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I am stuck on specializing a template function for a lambda :

class X
{
  public:
    template <typename T>
    void f(T t) 
    { 
      std::cout << "awesome" << std::endl; 
    };

    template <>
    void f(double t) 
    {
      std::cout << "trouble" << std::endl; // Works
    }

    template <>
    void f(??? t) // what to put here?
    {
      std::cout << "lambda" << std::endl;
    }  
};


X x;
x.f(42); // prints "awesome"
x.f(1.12); // prints "trouble"
x.f([](){ std::cout << "my lazy lambda" << std::endl; }); // should print "lambda"

Casting the lambda to a std::function before passing to f and specializing for this type works, but is tedious to write. Is there a solution in C++0x?

Edit: I am totally fine with a solution, which would enable me to specialize for a callable if the last line of passing a lambda works.

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1  
thus the answer seems to be: No, there is no way in C++0x to avoid the cast and specialize a template for matching lambdas. –  Christopher Oezbek Aug 3 '11 at 14:38
2  
as it been discussed before (stackoverflow.com/questions/4661875/…), it's impossible to distinguish lambda function from other callable objects –  Gene Bushuyev Aug 3 '11 at 16:36

2 Answers 2

up vote 1 down vote accepted

you cannot do this directly: the type of the lambda is created by the compiler and is different for each lambda. You can specialize for it, but it would be for that type only (see example below). You can remove some of the tediousness though by using a small function for converting lambda -> std::function.

auto myLambda = [](){ std::cout << "myLambda" << std::endl; };

class X
{
  public:
    template <typename T>
    void f( T t )
    { 
      std::cout << "not so awesome" << std::endl; 
    };

    void f( const std::function< void() >& f )
    {
      std::cout << "function" << std::endl;
    }

    void f( const decltype( myLambda )& f )
    {
      std::cout << "myLambda" << std::endl;
    }
};

  //helper for lambda -> function
template< class T >
std::function< void() > Function( const T& f )
{
  return std::function< void() >( f );
}

X x;
x.f( myLambda ); //prints "myLambda"
x.f( Function( [](){ std::cout << "blah" << std::endl; } ) ); //prints "function"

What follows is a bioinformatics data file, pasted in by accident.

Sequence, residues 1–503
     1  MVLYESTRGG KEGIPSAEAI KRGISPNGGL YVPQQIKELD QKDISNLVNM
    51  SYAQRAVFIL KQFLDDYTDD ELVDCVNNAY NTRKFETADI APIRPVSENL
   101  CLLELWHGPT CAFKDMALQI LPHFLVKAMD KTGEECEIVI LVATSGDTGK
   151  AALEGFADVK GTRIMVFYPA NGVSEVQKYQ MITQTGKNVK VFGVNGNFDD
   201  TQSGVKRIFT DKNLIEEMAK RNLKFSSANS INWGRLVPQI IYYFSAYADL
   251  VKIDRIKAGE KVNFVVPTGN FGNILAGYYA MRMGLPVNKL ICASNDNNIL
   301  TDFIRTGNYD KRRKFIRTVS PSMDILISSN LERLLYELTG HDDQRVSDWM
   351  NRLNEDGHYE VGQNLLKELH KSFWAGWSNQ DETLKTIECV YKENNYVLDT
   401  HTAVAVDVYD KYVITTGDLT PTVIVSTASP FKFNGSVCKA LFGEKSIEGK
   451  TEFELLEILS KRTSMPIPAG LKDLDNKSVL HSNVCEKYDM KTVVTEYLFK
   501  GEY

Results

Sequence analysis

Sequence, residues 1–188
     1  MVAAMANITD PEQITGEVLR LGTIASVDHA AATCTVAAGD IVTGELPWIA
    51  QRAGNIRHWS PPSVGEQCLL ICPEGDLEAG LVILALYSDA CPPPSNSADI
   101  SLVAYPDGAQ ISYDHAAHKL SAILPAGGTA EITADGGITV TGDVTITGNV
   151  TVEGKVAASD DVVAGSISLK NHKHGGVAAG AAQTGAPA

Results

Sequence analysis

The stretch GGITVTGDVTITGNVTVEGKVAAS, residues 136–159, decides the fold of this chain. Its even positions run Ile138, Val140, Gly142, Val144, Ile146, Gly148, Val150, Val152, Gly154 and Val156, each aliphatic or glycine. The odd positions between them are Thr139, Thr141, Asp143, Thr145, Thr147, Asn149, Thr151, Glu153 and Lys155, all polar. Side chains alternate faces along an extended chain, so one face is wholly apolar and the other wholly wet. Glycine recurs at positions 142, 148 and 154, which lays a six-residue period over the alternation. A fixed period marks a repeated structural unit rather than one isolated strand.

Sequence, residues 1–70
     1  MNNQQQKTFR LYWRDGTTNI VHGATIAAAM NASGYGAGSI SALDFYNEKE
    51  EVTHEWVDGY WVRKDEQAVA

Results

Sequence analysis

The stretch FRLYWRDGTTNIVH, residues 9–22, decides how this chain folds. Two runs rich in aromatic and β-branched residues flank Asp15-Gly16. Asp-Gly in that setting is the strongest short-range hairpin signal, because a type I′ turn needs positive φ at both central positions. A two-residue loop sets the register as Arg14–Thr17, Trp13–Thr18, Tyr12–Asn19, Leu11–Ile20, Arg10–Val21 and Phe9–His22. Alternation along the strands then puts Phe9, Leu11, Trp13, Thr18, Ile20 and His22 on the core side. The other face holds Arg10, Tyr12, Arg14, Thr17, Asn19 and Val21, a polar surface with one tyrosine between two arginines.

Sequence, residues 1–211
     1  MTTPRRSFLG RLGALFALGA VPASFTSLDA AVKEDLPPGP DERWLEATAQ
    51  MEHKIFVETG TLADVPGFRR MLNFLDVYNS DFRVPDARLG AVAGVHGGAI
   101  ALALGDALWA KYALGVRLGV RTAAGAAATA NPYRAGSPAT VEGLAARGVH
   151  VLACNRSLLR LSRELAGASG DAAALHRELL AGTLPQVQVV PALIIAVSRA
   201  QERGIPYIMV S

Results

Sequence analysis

x.f( [](){ std::cout << "blah" << std::endl; } ); //still won't work: not the same type as myLambda!
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the last line will never match lambda, because every lambda has a different unique type –  Gene Bushuyev Aug 3 '11 at 16:28

The following is a variation of the good old sizeof trick. Maybe it can be done with decltype alone. It does not exactly check if its a lambda, but if it is callable. If you want to filter out other callable things, you can use C++0x type traits to check if they are functions, member functions, composit objects etc.

#include <functional>
#include <iostream>
#include <type_traits>

template<class T>
char is_callable( const T& t, decltype( t())* = 0 );

long is_callable( ... );

class X
{
  public:
    template <typename T>
    void f( const T& t, typename std::enable_if<sizeof(is_callable(t)) !=1>::type* = 0 )
    {
      std::cout << "awesome" << std::endl;
    };

    void f(double )
    {
      std::cout << "trouble" << std::endl; // Works
    }

    template<class T>
    void f( const T& t, typename std::enable_if<sizeof(is_callable(t)) == 1>::type* = 0 )
    {
      std::cout << "lambda" << std::endl;
    }
};

int main(int argc, const char *argv[])
{
    X x;
    x.f(42); // prints "awesome"
    x.f(1.12); // prints "trouble"
    x.f([](){ std::cout << "my lazy lambda" << std::endl; }); // should print "lambda"
}
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2  
That won't specialize for lambdas, only callable types- not the same thing. –  Puppy Aug 3 '11 at 15:16
    
and that's probably the best one can do, maybe only changing sfinae to test for exact signature, not all callable types –  Gene Bushuyev Aug 3 '11 at 16:56
    
@DeadMG: I am totally fine with matching any callable as long as I can avoid the cast at the end. –  Christopher Oezbek Aug 4 '11 at 6:04

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